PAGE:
Posted by Joseph on Jan 17, 2011 in Leadership | 271 comments
I had the unique opportunity last Friday of preaching three services in a row at Victory U-belt. I say unique because I had an excellent communicator serve as my critic and coach all throughout. I’m talking about Ryan Tan, the youth pastor.
Ryan is a good friend who is very passionate about students, preaching, and doing things excellently. True to form, he gave me very helpful feedback after each session. “Let’s trim down your outline. This illustration is really great. Don’t use that other one. You’re losing us at this point, you gotta do something to get us back.”
Thanks to his feedback, The first preaching was good, but the second one was much better, and the third was the best.
That got me thinking about the importance of getting feedback. The person who is constantly looking for improvement will always be on the lookout for feedback. No experience is wasted when one can learn from it. Even the most embarrassing moment can be turned into a valuable lesson.
Here are some things I’ve learned about getting feedback through the years.
1. You have to want it.
Some people make a token effort of asking others for feedback. They ask, “How am I doing?” But their tone and body language show that they just want a typical “Good.” These kinds if people will never get the juicy tidbits that make feedback helpful.
2. You often have to push for it.
Most of the people we talk to would rather make neutral-positive comments to avoid offense. But the person who wants good feedback will push past that. He wisely knows that there is rarely any ABSOLUTELY PERFECT performance so there must be at least one thing to improve and he won’t stop till he finds it.
3. Surround yourself with sincere people.
Another way to counter the effect above is to hang around the right people. This happens with a combination of finding them and nurturing them. You find them by looking for the fearless kind of people who readily speak their mind. And you nurture them by not biting their heads off or getting defensive when they make a comment. In an environment of trust, even the most timid team member will learn to speak up.
4. Be your own critic/coach.
Listen to yourself. Watch yourself. Do you like what you’re seeing and hearing? If you are already bored or lost by what you’re saying, how do you think others feel? Listening to oneself can be awkward or even painful, but it provides a wealth of tips for improvement.
5. Remember your objective.
One thing that makes this exercise bearable is to focus on the goal. If the goal is to save face or maintain our illusion of perfection, then feedback and evaluation isn’t worth it. But if your goal is greater than that, (Almost any goal at this point would be.) then persist in getting evaluated because it’s one of the surest ways to improve and succeed.
Posted by Joseph on Jan 1, 2011 in Thoughts | 641 comments
My favorite time of the year is over. But that doesn’t have to be a sad thing because Christmas is just a great opening chapter to the greatest biography ever. So the significance, joy, and meaning of the season can continue if you follow the rest of the story.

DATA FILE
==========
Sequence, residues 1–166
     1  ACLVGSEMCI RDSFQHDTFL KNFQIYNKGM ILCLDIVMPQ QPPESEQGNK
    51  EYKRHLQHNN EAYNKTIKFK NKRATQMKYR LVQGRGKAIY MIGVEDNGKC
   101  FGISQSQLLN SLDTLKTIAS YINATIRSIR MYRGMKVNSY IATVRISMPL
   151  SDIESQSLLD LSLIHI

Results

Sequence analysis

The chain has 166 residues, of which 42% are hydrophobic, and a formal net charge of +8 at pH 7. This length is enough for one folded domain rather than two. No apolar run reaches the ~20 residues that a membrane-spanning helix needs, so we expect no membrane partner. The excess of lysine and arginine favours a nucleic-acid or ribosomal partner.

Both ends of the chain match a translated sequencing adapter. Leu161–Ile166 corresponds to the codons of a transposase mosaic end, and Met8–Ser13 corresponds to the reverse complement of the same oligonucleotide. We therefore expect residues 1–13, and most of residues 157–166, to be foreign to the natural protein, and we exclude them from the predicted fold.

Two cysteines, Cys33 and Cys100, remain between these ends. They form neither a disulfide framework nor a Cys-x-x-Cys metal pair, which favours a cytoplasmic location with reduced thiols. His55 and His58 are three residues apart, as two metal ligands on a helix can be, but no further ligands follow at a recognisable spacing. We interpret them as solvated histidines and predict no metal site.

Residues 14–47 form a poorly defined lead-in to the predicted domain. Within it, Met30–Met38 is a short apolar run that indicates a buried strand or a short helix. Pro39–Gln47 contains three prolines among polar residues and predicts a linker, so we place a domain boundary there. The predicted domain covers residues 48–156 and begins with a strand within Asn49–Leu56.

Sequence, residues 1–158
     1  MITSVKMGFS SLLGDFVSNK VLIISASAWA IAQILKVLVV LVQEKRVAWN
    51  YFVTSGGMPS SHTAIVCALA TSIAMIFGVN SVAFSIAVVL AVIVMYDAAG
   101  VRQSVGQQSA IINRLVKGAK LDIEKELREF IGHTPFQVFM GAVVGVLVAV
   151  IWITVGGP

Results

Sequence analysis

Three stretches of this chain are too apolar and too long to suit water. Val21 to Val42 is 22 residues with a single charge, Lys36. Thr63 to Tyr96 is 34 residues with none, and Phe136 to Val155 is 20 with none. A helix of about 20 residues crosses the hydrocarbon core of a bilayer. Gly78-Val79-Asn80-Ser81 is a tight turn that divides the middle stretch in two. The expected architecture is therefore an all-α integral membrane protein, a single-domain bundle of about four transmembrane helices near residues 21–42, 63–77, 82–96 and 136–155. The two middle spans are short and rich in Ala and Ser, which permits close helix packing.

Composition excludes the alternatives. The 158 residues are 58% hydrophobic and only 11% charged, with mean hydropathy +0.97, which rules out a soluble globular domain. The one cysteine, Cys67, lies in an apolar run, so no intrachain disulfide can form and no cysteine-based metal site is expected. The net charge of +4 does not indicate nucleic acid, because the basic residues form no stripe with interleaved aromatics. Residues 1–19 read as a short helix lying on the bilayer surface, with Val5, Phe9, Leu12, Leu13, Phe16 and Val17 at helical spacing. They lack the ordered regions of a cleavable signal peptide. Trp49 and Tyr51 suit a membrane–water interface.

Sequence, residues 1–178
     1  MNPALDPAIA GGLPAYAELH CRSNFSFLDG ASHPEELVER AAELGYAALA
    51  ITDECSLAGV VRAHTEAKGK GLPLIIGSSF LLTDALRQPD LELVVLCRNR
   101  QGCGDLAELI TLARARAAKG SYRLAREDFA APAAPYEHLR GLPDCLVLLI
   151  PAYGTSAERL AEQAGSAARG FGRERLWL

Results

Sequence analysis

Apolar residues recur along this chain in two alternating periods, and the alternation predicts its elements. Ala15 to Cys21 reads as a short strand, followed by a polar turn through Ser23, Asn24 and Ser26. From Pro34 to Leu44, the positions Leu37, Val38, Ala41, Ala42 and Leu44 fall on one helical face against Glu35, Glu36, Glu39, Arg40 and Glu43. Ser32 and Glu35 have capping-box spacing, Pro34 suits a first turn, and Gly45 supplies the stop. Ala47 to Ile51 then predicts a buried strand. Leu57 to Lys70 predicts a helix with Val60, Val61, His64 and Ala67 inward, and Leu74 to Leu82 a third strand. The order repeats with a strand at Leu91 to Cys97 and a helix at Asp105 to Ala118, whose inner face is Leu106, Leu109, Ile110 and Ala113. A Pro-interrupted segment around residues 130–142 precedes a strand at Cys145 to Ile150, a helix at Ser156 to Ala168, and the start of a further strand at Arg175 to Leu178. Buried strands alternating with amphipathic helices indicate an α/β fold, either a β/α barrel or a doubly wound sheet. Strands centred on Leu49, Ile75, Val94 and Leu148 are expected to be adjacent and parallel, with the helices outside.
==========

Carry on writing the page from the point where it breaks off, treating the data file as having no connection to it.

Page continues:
That’s why I’m not so fond of the idea of portraying Christmas as the end-all season. “THIS is what makes everything okay. THIS is the hope of the world.”
Uh… yeah, but not entirely.
Like that popular Christmas carol goes, singing “That man will live forevermore because of Christmas day,” is like saying:
(introducing my new Choose Your Analogy feature)
A.) That the evil Empire will fall because Luke Skywalker’s Uncle Owen bought some new droids.
B.) That the spread of darkness in Middle-Earth will be defeated because Bilbo went on an adventure.
C.) That the Von Trapp kids will have a new mom because a young nun plays hooky in the mountains.
D.) That there will be a bank run, flying nannies, and dancing chimney sweeps because the Banks kids can’t retain a steady governess.
E.) That Lotso’s criminal empire over a daycare center will end because a little boy named Andy received the latest space ranger toy.
F.) That Solid Snake will become the deadliest agent in all of military history (including you, Sam Fisher) because Big Boss started Outer Heaven in Zanzibar.
G.) That Gotham will have the hero it wants but not recognize the hero it needs because a young couple was mugged outside a theater.
H.) That Jose Rizal would write two nationalistic novels because as a boy he saw a butterfly fly too close to a candle and burn to death.
I.) That Mr. Darcy will make the most radical marriage proposal because the Bingley’s have moved into the county.
J.) That Michael Corleone will become the most powerful mafia boss in the US because a young Vito Andolini was able to escape to New York.
K.) That Elle Woods, sorority girl, will make it to the United States Congress because her boyfriend dumped her.
In other words, that’s the beginning of how it happened, but hardly the whole story. There’s so much more to it after that.
In the same way, Christmas is an inspiring and beautiful chapter of the story of humanity. It speaks of the fulfillment of God’s promise, to send a Saviour to fix our deepest problem of all – sin. Stinking, rotten sin. Touching all of life sin. Leaving nothing unscarred sin. Sparing no one sin.
And like that Christmas gift which goes way beyond what you expected, God didn’t just send anybody to save us, He sent Himself, in the form of Jesus Christ.
So yes, Jesus was born in a manger, and that’s pretty amazing on its own. But the story doesn’t end there. He did a whole lot more things after that. And the effect of all this on you will depend on whether you know and believe the rest of the story. So read up on it this year. You can’t know it enough.